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Surgery for Lumbar Disc Herniation

Chris Russo May 1, 2012

A lumbar disc herniation can be a very painful condition.  Sometimes this is a called a slipped or ruptured disc.  Physicians oftentimes refer to a so-called herniation as either a disc protrusion (disc bulge) or an extrusion (i.e. when the disc material is ruptured or broken).  Notwithstanding the terminology, this condition affects a relatively high percentage of the population and is a common cause of low back pain and sciatica.  While most people see significant improvement within a few months after receiving conservative treatment therapies such as physical therapy or chiropractic maneuvers, those that do not experience improvement may need surgery.  Lumbar surgeries are typically performed by either a neurosurgeon or an orthopedic spine surgeon.

The lumbar spine is made of a five vertebrae (L1 through L5).  The bottom of the spine is at L5-S1.  In between these vertebral levels, there are soft tissue discs that enable flexibility along with several other structures the allow bodily function.  Perhaps the most important function of the spine is to protect the spinal cord which carries the electrical nerve messages to the muscles and organs of the body.  A disc begins the so-called herniation process when its soft tissues become damaged to either wear and tear or a sudden traumatic injury such as a car accident.  This causes the jelly-like inside of the disc to either protrude (bulge) in to other areas or to escape altogether (extrusion).  Once this occurs, the disc no longer functions as the cushion that is was intended to be and pain is the result.  If your condition impinges or puts any pressure on the spinal cord, then you may have urgent condition that requires timely surgical intervention to avoid permanent paralysis.  Normally, a neurological evaluation, straight leg test, and MRI or CT imaging is required to diagnose a lumbar disc herniation.  Surgeries to treat this condition include a diskectomy, which is where the protruding disc is cut or shaved to relieve impingement, as well as a fusion, which is where the bones are permanently immobilized together (fused) by metal hardware.  Overall, the diagnosis and treatment of lumbar disc herniations is a complicated process that you should seek professional help for.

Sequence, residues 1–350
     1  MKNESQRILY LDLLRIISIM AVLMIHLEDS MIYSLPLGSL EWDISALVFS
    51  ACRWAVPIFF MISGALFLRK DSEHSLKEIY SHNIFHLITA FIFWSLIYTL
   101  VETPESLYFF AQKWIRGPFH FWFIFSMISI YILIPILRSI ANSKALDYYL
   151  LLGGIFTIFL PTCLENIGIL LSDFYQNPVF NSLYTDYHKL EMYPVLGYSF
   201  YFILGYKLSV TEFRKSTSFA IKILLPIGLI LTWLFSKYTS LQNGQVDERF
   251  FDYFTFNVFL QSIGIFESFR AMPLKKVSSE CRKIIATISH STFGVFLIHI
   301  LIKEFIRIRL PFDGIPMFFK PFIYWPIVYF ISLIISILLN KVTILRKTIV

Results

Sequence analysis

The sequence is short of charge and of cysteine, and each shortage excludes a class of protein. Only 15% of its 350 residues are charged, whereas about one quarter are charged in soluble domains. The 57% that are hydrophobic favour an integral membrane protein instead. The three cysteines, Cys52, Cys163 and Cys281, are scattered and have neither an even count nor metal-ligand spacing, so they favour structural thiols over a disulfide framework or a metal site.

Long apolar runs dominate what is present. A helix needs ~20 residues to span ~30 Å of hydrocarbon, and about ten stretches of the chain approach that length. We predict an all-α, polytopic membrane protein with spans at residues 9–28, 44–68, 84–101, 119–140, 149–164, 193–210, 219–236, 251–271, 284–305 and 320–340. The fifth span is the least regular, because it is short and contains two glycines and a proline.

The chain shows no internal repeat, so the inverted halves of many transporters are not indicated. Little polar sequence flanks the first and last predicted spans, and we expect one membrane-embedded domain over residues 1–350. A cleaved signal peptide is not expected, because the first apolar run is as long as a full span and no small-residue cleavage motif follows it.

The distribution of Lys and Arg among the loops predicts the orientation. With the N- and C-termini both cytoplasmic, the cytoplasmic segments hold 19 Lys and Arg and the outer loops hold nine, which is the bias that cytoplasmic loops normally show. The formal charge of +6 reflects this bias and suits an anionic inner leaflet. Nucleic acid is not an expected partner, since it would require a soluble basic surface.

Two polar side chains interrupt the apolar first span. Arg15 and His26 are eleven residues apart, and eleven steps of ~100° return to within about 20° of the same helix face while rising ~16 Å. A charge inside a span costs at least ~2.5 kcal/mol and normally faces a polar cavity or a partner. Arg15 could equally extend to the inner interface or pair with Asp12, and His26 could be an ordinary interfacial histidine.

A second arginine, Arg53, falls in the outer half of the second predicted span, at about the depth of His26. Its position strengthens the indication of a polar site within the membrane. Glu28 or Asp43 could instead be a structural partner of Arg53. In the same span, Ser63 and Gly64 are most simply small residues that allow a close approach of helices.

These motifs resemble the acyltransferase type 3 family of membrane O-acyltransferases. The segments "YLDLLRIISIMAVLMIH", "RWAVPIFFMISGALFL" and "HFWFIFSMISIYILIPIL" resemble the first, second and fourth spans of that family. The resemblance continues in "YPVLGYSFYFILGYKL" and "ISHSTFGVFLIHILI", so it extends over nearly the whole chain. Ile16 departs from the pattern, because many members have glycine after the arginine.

If you have been diagnosed with a lumbar disc herniation or have been recommended for surgery, you might consider contacting a Florida medical malpractice lawyer to discuss the circumstances of your injury and/or whether the treatment that you received was medically appropriate.

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